A class-action lawsuit has been filed against the Environmental Landfill, Inc., in St. Clair County, where an underground fire has burned since December 2022.

Candice Jackson and Emmanuel Gomes are homeowners that live near the landfill. They say their families and property have been impacted for weeks after years of complaints and concerns about the impact of the landfill.

SEE ALSO: Health concerns loom as landfill fire sparks lawmaker's step to defund ADEM

The lawsuit accuses the defendants of negligence, wantonness, trespass, public nuisance, abatement of public nuisance and battery. The plaintiffs are asking for compensatory damages, punitive damages, and an injunction requiring the landfill to cease operations and provide further relief, including court costs.

The plaintiffs claim the landfill, located at 1317 Annie Lee Road, has been operating illegally for years. The Alabama Department of Environmental Management (ADEM) has said the site was a fire hazard, but nothing has been done to stop the operation.

According to records with ADEM, a complaint was filed in January 2013, but ADEM did not take action because the report stated it only "observed multiple piles of tree cuttings and vegetative debris on the property."

However, another complaint was filed in November 2013, and at that time, ADEM issued a notice of violation to the property owner. In the comments section of the report, the inspector stated, "I observed construction/ demolition waste, scrap tires and shingles dumped, intermingled with tree cuttings and partially covered on parcels … This site is a potential fire hazard due to the presence of a smoldering area adjacent to regulated waste."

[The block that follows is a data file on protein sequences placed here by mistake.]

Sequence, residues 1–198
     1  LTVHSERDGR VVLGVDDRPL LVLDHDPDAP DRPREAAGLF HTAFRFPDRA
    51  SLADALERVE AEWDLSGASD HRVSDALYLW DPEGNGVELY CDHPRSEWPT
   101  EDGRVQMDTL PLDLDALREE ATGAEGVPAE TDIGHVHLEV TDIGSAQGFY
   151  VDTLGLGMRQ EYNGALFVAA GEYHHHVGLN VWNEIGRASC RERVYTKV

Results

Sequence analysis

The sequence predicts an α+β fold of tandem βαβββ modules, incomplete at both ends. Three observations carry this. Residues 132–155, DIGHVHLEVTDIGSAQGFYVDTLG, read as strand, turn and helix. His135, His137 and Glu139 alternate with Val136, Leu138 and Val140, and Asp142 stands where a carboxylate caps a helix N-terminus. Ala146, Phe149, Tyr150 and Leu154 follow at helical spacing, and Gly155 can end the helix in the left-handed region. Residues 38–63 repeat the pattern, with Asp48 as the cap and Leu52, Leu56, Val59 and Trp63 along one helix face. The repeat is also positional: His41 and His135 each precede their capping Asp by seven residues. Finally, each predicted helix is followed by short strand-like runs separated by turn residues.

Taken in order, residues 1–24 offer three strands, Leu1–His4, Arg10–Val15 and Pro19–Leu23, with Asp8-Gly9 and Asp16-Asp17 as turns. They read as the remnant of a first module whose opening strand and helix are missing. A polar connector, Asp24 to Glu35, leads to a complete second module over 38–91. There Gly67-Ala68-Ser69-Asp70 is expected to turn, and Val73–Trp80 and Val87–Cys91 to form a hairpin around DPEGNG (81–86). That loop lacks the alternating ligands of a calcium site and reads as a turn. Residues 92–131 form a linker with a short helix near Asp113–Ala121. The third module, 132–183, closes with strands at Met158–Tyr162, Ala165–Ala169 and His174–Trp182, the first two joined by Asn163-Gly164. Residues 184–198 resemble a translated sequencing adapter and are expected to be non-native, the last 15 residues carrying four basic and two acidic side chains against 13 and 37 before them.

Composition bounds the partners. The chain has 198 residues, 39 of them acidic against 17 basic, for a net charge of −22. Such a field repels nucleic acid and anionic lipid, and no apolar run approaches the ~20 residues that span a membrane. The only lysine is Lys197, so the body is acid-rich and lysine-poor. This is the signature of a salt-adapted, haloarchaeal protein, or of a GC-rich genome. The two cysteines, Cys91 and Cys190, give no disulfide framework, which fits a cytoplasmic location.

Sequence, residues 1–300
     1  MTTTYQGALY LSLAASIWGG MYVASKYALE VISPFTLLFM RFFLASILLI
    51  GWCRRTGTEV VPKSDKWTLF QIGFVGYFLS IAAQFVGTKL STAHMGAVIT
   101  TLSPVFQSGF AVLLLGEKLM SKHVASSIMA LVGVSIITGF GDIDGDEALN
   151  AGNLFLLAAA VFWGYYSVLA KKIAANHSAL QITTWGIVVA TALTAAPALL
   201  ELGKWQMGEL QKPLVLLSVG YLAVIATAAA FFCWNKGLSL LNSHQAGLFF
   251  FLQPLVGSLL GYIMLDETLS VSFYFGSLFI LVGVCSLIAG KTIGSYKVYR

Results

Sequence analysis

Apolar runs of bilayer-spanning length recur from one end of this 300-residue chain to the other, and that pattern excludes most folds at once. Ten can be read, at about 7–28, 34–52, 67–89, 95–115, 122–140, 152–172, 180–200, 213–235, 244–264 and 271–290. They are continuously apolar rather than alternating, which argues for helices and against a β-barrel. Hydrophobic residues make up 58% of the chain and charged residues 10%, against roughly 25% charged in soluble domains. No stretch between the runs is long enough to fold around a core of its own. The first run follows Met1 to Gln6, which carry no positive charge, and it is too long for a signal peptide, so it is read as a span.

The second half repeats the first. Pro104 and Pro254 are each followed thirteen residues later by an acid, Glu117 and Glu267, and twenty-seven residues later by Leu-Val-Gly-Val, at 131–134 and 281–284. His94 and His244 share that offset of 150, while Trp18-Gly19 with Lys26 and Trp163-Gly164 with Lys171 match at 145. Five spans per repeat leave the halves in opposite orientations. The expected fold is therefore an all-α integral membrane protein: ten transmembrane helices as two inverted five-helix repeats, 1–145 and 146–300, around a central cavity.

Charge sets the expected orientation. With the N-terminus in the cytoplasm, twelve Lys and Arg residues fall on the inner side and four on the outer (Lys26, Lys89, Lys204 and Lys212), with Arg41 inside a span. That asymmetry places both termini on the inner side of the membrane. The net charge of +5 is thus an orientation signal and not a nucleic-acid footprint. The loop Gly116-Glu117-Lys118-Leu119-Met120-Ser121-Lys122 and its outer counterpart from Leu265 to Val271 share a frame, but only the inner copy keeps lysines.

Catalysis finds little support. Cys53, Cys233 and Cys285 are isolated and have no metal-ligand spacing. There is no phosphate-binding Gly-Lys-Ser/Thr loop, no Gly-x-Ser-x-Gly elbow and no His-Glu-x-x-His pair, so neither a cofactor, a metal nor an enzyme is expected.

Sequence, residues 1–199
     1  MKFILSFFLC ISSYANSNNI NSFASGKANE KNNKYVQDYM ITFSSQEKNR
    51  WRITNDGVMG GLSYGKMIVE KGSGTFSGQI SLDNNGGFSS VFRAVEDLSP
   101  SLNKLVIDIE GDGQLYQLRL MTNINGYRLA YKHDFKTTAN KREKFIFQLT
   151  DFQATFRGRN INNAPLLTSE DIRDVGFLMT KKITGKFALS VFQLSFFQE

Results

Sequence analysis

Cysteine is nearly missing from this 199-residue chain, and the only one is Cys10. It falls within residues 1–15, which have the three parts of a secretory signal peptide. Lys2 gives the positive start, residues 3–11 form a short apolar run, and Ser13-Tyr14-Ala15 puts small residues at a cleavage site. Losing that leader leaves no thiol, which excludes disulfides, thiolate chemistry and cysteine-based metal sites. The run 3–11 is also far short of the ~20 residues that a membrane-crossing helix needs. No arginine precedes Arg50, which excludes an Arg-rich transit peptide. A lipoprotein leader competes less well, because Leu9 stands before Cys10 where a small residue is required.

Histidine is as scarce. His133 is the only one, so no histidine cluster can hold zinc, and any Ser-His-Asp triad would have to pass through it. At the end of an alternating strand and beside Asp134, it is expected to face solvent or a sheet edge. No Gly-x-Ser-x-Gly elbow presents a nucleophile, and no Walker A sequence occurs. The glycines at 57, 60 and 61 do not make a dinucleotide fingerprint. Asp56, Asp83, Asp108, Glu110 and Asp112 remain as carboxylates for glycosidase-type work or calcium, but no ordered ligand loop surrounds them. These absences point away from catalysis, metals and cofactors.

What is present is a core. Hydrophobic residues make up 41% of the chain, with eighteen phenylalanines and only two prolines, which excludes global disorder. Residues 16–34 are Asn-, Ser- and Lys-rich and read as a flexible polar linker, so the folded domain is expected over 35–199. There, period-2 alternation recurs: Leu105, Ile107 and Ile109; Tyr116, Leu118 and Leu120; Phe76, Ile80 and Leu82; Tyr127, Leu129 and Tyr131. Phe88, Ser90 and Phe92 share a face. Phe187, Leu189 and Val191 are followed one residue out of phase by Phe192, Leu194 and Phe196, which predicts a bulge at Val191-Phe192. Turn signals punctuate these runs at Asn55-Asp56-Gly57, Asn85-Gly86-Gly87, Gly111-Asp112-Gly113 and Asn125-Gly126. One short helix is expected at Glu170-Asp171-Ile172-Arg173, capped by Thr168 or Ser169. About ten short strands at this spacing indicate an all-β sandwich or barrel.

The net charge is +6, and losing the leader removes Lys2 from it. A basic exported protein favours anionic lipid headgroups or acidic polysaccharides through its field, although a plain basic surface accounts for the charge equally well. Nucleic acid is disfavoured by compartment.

The ADEM inspector described the operation as an "unauthorized solid waste dump" and was again called to the property in September 2014. More illegal materials were found during that inspection, including treated power polls, household trash, scrap tires and more, according to an ADEM inspector. Similar inspections by ADEM were performed in 2017, 2018, 2019 and 2020, with the same results. Although the property owner removed some debris from the property, the ADEM inspector still called the area a fire hazard.

The lawsuit states a final inspection was performed in August 2022, just months before the underground blaze ignited.

The fire has been burning for more than 50 days, and residents in surrounding areas have complained about air quality issues affecting their health.

Jackson claims she is unable to enjoy being outside, and her property has been contaminated with soot and ash from the fire.

"Because of the black smoke and white smoke that continues to be emitted from the fire, Plaintiff Jackson and her family have suffered physical injury, including soreness in their throats, their eyes are burning, and they are having shortness of breath," the lawsuit states. "Plaintiff Jackson has suffered mental anguish as she worries about the health of her family and the damage to her home."

Gomes' suit said his two children "suffer from diagnosed asthmatic issues, and they have suffered from severe asthmas symptoms since the fire began. Plaintiff Gomes has suffered mental anguish as he worries about the health of his family and the damage to his home."

ADEM has responded by stating the St. Clair County Commission has primary responsibility for dealing with the fire, but it is not authorized to spend money on private property, according to St. Clair County Commission Chairman Stan Batemon.

St. Clair County has declared an emergency, and an online petition with nearly 500 signatures calls for ADEM to step in. Sen. Shay Shelnutt (R-Trussville) agrees that ADEM should act. He is having a bill drafted to make changes to operations within ADEM.

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